The team relied heavily on space- and ground-based telescopes, including the Hubble Space Telescope, the Atacama Large Millimeter/submillimeter Array (ALMA), the Keck Observatory, and the Karl Jansky Very Large Array (VLA). But the greatest asset was a chance cosmic alignment.

“While astronomers are often limited by the power of their telescopes, in some cases our ability to see detail is hugely boosted by natural lenses created by the universe,” said lead author Hugo Messias of the Universidad de Concepción in Chile and the Centro de Astronomia e Astrofísica da Universidade de Lisboa in Portugal.

Such a rare cosmic alignment plays visual tricks, where the intervening lens (be it a galaxy or a galaxy cluster) appears to bend and even magnify the distant light. This effect, called gravitational lensing, allows astronomers to study objects which would not be visible otherwise and to directly compare local galaxies with much more remote galaxies, seen when the universe was significantly younger.

The distant object in question, dubbed H-ATLAS J142935.3-002836, was originally spotted in the Herschel Astrophysical Terahertz Large Area Survey (H-ATLAS). Although very faint in visible light pictures, it is among the brightest gravitationally lensed objects in the far-infrared regime found so far.

The Hubble and Keck images reveal that the foreground galaxy is a spiral galaxy, seen edge-on. Although the galaxy’s large dust clouds obscure part of the background light, both ALMA and VLA can observe the sky at longer wavelengths, which are unaffected by dust.

Using the combined data, the team discovered that the background system was actually an ongoing collision between two galaxies.

The Antennae galaxies. Credit: Hubble / ESA
The Antennae galaxies. Credit: Hubble / ESA

First, the team noticed that these two galaxies resembled a much closer system: the Antennae galaxies, two galaxies that have spent the past few hundred million years in a whirling embrace as they merge together. The similarity suggested a collision, but ALMA — with its high sensitivity and spatial resolution — was able to verify it.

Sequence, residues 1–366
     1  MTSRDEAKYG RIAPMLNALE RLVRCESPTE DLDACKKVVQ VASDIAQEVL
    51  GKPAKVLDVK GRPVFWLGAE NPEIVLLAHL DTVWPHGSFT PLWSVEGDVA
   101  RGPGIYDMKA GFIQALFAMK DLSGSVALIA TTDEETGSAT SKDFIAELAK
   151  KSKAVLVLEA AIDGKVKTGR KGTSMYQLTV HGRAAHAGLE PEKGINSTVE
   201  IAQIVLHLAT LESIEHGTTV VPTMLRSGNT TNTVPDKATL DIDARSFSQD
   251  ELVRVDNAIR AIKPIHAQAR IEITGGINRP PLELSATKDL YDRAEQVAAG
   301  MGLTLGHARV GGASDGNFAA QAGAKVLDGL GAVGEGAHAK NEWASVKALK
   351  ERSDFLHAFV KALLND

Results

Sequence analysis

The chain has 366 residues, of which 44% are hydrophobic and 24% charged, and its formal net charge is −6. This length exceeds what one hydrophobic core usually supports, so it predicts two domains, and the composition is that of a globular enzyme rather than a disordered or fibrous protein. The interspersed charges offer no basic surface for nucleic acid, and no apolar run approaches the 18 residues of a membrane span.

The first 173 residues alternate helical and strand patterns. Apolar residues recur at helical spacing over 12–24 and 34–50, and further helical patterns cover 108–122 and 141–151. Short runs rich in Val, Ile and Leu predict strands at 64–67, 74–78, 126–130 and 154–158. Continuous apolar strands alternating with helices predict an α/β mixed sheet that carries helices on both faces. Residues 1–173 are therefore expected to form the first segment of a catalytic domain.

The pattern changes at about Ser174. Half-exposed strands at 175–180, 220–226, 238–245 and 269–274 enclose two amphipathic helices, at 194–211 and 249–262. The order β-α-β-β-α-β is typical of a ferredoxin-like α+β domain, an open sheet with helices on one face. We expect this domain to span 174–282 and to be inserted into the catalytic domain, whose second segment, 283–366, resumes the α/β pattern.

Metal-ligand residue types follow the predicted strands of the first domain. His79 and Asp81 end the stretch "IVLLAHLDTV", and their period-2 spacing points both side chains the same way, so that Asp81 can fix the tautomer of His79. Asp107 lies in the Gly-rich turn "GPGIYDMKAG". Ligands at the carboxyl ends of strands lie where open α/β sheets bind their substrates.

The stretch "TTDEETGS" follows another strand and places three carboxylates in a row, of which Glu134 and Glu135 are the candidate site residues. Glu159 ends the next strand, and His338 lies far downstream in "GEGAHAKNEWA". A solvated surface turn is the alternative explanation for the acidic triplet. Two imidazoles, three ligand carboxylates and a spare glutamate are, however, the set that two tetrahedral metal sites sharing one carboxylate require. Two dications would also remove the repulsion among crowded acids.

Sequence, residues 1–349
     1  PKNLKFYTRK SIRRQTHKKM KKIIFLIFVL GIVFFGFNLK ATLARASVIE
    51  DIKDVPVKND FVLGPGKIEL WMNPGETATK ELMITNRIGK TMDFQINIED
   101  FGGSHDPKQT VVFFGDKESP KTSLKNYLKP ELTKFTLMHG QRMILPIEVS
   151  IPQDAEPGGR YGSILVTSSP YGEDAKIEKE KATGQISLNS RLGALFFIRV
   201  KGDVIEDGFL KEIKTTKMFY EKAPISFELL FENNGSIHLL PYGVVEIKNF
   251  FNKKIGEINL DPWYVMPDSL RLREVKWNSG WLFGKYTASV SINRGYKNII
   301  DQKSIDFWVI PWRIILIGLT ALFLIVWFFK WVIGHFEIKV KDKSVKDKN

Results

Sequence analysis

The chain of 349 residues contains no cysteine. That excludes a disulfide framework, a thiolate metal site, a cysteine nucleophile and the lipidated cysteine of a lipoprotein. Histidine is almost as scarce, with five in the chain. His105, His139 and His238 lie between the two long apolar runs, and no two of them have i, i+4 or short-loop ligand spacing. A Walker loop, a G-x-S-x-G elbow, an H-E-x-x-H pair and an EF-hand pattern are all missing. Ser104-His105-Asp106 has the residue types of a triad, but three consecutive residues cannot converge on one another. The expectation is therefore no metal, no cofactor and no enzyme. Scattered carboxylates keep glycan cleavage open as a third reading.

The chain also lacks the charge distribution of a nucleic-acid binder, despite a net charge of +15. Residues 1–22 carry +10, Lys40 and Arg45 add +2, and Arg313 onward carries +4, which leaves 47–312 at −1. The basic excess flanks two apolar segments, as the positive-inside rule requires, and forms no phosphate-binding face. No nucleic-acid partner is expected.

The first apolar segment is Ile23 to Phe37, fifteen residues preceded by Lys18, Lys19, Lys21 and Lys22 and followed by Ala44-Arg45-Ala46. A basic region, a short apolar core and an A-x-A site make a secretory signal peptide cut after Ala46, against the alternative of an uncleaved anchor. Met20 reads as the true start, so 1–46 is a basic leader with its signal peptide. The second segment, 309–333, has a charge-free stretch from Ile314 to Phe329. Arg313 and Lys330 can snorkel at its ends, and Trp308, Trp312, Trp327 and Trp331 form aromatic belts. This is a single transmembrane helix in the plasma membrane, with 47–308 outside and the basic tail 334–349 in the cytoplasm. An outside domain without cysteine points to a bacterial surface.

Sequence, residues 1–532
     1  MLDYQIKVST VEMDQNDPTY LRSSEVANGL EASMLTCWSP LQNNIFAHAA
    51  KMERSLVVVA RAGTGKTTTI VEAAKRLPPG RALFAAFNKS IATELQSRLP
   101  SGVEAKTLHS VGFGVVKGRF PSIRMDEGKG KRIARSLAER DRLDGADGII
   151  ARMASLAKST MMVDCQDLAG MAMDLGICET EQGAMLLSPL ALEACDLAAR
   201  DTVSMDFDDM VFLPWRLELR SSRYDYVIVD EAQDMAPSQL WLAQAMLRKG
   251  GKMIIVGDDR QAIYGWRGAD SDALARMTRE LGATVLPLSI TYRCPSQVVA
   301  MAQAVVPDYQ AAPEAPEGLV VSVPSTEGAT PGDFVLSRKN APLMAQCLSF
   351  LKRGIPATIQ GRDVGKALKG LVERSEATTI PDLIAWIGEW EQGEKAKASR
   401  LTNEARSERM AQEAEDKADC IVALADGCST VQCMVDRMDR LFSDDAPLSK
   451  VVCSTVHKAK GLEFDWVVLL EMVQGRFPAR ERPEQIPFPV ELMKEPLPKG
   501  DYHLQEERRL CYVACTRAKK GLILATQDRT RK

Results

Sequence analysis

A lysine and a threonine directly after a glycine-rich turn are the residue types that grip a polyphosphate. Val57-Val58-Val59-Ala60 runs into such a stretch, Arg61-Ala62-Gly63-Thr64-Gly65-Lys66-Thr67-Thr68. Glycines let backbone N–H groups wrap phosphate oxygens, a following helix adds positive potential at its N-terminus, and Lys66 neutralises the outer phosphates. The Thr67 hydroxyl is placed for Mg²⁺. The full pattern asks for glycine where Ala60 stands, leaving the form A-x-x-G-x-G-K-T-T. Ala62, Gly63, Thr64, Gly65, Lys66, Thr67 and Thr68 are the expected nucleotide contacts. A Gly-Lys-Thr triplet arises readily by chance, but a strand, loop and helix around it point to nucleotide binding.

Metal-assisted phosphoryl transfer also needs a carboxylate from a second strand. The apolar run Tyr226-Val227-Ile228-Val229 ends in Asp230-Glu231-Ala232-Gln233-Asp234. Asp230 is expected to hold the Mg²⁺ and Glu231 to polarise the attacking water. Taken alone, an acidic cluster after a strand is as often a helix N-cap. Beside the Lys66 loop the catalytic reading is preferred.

ALMA has the unique ability to detect the emission from carbon monoxide, as opposed to other telescopes, which might only be able to probe the absorption along the line of sight. This allowed astronomers to measure the velocity of the gas in the more distant object. With this information, they were able to show that the lensed galaxy is indeed an ongoing galactic collision.

Such collisions naturally enhance star formation. Any gas within the galaxies will feel a headwind, much as a runner feels a wind even on the stillest day, and become compressed enough to spark star formation. Sure enough, ALMA shows that the two galaxies are forming hundreds of new stars each year.

“ALMA enabled us to solve this conundrum because it gives us information about the velocity of the gas in the galaxies, which makes it possible to disentangle the various components, revealing the classic signature of a galaxy merger,” said ESO’s Director of Science and coauthor of the new study, Rob Ivison. “This beautiful study catches a galaxy merger red handed as it triggers an extreme starburst.”

The findings have been published in the Aug. 26 issue of Astronomy & Astrophysics and is available online.

Merging Giant Galaxies Sport ‘Blue Bling’ in New Hubble Pic

On a summer night, high above our heads, where the Northern Crown and Herdsman meet, a titanic new galaxy is being born 4.5 billion light years away. You and I can’t see it, but astronomers using the Hubble Space Telescope released photographs today showing the merger of two enormous elliptical galaxies into a future  heavyweight adorned with a dazzling string of super-sized star clusters. 

The two giants, each about 330,000 light years across or more than three times the size of the Milky Way, are members of a large cluster of galaxies called SDSS J1531+3414. They’ve strayed into each other’s paths and are now helpless against the attractive force of gravity which pulls them ever closer.

A few examples of merging galaxies. NASA, ESA, the Hubble Heritage Team (STScI/AURA)-ESA/Hubble Collaboration and A. Evans (University of Virginia, Charlottesville/NRAO/Stony Brook University), K. Noll (STScI), and J. Westphal (Caltech)
A few examples of merging galaxies. NASA, ESA, the Hubble Heritage Team (STScI/AURA)-ESA/Hubble Collaboration and A. Evans (University of Virginia, Charlottesville/NRAO/Stony Brook University), K. Noll (STScI), and J. Westphal (Caltech)

Galactic mergers are violent events that strip gas, dust and stars away from the galaxies involved and can alter their appearances dramatically, forming large gaseous tails, glowing rings, and warped galactic disks. Stars on the other hand, like so many pinpoints in relatively empty space, pass by one another and rarely collide.